Winyah Nursing Home
Winyah Nursing Home has been around since 1965. As a haunting, it would be one place that I would put at the top of my list of the most haunted places in South Carolina and fighting for the number one spot.
There’s a back hallway originally set up for employees and patients to travel between locations without going out into the “administrator‘s lobby.” If traveling from Station 1 to Station 2, there are no problems. But coming back from 2 to 1, many had a very distinct feeling of being followed. They’re only followed to the kitchen though (about half way) and then the feeling would go away. This feeling was so powerfully strong that many would stop and turn around to see who was trailing behind them.
Footsteps can be heard all day and night long. Doors being open and shut, occasional phantom moans and groans. The noises tend to blend in with day time activity and are more prominent during the night only because it’s quieter then and can be heard more clearly.
The administrator had to take down the mirror in the main lobby because so many people complained that while coming from 1st Station they’d see a woman with a bright yellow shirt with red flowers on it and when they looked back to greet her, no one would be there. It was determined “The Lady with the Yellow Shirt” was a past kitchen employee. Some reported seeing her walking from the hallway doors, as if she were going home for the night, toward the outside door. When they turned to look at her she would have vanished.
Another strong entity was Shirley. In life, Shirley was over six feet tall and her weight matched her size. She would constantly walk up and down in the hallway on 2nd Station. She would go to the door leading out and jiggle it to make sure it was closed tight before returning to her room at the end of a long hallway. If there were any magazine on the tables, she would promptly put them back in the magazine rack to tidy up. I say, “in life,” but, her habits continued even in death to the point, the administrator had to take down the magazine rack because there were so many patients, visitors and staff unnerved by Shirley’s deathly routine having witnessed “magazine’s floating back to the shelf of their own accord.”
I remember one CNA, Geralene, who refused to accept the place was haunted, as I found many of our black employees did. Black people treat hauntings very differently than white folk. They tend to deny, deny, deny while white folk try, try, try to find out the source of the paranormal encounter. She and I were waiting for the 7-3 shift to come on. As we waited, we could hear Shirley making her way down the hall. It was so very clear! Knowing full well who it was, I said to Geralene, “Who is that?”
“I don’t know,” she answered and got up to look. Before returning to her seat she replied, “It’s no one.”
“You hear the footsteps though?”
“Oh yes, I do hear them.” Geralene got up to look again, “I don’t see nobody.”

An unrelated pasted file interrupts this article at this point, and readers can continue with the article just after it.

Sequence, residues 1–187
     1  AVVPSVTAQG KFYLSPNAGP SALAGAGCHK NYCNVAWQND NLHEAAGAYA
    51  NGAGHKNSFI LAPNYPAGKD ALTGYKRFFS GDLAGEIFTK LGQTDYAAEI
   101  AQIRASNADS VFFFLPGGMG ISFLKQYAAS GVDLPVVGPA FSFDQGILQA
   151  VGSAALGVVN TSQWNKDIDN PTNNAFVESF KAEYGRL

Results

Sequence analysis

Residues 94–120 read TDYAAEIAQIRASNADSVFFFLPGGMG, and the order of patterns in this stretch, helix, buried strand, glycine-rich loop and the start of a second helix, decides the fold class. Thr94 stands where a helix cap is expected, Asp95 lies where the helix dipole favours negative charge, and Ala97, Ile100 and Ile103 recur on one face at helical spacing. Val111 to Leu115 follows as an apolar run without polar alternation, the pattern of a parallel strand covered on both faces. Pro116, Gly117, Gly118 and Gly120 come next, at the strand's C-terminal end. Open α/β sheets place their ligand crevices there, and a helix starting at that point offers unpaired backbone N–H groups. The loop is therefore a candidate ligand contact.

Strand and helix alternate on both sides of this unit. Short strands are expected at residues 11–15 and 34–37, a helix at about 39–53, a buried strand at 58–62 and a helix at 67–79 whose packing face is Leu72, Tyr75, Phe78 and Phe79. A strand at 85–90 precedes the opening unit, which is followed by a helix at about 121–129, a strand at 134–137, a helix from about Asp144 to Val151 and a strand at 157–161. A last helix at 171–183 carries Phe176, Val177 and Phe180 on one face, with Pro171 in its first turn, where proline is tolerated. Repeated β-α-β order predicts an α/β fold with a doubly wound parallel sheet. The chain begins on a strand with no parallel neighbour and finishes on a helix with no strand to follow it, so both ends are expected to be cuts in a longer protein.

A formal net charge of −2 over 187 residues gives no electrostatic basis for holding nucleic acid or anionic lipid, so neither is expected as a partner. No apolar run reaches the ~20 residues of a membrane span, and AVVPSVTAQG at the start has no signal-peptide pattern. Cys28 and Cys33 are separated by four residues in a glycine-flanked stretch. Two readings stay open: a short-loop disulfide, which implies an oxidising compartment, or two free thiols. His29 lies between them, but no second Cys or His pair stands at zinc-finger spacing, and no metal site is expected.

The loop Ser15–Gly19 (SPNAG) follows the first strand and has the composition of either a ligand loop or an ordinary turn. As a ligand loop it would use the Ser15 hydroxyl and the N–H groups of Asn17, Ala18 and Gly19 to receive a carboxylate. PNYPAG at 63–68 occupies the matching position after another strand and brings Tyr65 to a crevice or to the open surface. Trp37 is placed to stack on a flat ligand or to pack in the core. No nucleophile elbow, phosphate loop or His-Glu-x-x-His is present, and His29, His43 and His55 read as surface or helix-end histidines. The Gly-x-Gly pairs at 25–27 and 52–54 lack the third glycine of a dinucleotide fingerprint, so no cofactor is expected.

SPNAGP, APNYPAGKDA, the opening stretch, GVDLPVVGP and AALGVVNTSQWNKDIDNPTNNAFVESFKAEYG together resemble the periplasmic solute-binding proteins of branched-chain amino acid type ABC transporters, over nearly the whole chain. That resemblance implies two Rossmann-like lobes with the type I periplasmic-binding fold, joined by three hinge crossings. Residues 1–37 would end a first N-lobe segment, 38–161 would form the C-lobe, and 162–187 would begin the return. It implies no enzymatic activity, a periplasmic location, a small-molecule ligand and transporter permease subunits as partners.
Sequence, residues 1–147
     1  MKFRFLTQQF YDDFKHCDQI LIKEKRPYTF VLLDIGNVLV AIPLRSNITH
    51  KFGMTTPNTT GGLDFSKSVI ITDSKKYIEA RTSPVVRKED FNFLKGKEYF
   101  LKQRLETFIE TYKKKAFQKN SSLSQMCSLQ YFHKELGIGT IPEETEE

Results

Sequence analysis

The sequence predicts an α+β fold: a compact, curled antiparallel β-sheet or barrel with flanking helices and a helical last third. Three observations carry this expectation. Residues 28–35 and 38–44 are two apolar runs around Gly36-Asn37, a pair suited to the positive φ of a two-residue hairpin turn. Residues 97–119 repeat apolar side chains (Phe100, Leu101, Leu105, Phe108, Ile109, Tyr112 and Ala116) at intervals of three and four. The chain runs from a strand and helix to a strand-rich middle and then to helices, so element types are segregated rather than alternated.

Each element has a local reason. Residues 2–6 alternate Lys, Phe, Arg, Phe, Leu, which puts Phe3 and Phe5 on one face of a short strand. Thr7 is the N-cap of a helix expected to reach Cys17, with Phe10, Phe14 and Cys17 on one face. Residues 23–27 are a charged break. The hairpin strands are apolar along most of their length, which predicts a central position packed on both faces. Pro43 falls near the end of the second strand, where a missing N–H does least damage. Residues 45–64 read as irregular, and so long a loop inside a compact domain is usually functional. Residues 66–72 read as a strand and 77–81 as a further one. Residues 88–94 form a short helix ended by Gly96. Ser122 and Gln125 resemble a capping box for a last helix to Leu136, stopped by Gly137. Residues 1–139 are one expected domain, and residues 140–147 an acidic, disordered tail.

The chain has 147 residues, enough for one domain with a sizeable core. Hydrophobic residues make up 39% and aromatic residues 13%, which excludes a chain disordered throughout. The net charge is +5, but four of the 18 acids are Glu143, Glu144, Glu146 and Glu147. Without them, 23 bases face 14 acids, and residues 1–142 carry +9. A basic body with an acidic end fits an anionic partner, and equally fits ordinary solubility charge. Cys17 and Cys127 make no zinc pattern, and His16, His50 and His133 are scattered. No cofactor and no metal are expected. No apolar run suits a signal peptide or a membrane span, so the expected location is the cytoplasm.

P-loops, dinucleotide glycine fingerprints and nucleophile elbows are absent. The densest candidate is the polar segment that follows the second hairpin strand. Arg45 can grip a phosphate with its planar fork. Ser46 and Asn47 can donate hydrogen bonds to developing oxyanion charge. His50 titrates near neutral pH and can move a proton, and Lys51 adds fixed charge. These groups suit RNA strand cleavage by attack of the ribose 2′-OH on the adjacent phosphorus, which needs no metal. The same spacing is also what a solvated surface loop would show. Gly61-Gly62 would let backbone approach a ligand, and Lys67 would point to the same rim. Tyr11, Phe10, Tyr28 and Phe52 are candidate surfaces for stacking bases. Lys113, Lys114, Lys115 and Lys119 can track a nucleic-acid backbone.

I snickered, “But you do hear the footsteps?”
“Yes, I hear them. They coming closer too like they walking to the desk. They’re at Miss Edna‘s room right now.” She got up and looked a third time as Edna‘s room was only two doors from where we were sitting. “Oh, it’s just Carl. He just stuck his head out the door and peeped at me.”
“But Carl’s room is down at the end of the hall, the very last room. How can it be him if they’re coming closer to the desk and he‘s still in his room,” I said, pointing out the major flaw in what she was saying. Still, she refused to acknowledge Shirley. If the door rattled like it was being checked, Geralene would say it was windy outside (every night, several times a night, even on muggy nights).
“Geralene, a firefly is creating more wind tonight with his wings than the weather is,” I’d say teasingly to her.
“Not to me,” she’d declare and pull her sweater around her. Her sister, also an employee, would laugh but at the same time, refused to acknowledge what was going on.
I’ve been in patient’s rooms and heard heavy, male footsteps march right up to me and stop. One night, feeling a bit hectic, I told whomever had just walked up to me, “Not tonight, I am in no mood to deal with ghosts!” Promptly, the footsteps turned and walked out of the room.
I was in a storage closet one night getting supplies when I heard one of our patients, Agnes, say from behind me, “put that back!”
“Put what back,” I asked her absently as I continued to collect my supplies. When she didn’t answer I looked behind me to find no one there. It was at that moment I remembered Agnes had died four nights earlier.
While working 1st Station one night, Anne, a CNA who usually worked 2nd had just finished her rounds. “Great,” she says to me as I am charting.
“Great what,” I asked.
“I forgot one.”
I laughed and said, “Who did you forget?”
“I don’t know,” she determined. I’ve never seen him before. To the patient sitting in the hallway she called out, “I’ll be there in a minute to put you to bed. Let me get Miss Barbara to help me.”
“Help you do what,” Barbara asked coming from around the corner to stand next to me at the desk.
“Help me put that man to bed we forgot,” Anne answered with a chuckle.
“The one sitting in the wheelchair …” Anne stopped and looked back at us. “Where did he go?” She then proceeded to walk to his room and back to the desk.
“Anne,” Barbara said, “We don’t have any men on that hall.”
“And none have come by here either,” I offered.
“Yeah, I just thought of that,” she agreed. With a shudder she added, “I think I just saw a ghost.”